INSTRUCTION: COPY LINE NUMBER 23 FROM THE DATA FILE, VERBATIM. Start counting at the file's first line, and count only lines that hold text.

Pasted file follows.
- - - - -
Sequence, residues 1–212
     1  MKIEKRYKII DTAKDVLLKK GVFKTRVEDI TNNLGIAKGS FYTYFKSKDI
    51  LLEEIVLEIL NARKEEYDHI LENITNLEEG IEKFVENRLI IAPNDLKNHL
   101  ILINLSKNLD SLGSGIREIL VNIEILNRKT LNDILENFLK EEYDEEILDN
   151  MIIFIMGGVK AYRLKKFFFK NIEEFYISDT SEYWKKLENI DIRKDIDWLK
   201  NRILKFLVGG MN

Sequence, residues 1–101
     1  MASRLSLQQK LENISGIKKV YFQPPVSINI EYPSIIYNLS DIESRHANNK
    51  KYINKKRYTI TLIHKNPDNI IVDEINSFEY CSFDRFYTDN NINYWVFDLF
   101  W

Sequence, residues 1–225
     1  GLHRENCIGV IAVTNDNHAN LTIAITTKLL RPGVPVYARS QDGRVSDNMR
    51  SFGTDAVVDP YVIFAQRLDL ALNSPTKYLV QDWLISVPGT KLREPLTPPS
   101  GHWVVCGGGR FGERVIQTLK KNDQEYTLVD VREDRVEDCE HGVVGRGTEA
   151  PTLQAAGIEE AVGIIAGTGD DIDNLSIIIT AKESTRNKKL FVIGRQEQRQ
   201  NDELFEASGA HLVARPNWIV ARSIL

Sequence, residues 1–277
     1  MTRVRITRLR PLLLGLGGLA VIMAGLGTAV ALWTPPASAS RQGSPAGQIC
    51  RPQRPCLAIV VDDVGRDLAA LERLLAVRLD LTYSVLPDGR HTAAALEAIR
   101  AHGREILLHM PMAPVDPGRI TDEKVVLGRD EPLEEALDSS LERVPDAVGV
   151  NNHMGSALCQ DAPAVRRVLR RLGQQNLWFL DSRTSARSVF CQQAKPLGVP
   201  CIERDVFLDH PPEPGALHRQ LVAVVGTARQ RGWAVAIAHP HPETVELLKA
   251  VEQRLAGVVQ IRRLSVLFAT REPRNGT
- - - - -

   251  VEQRLAGVVQ IRRLSVLFAT REPRNGT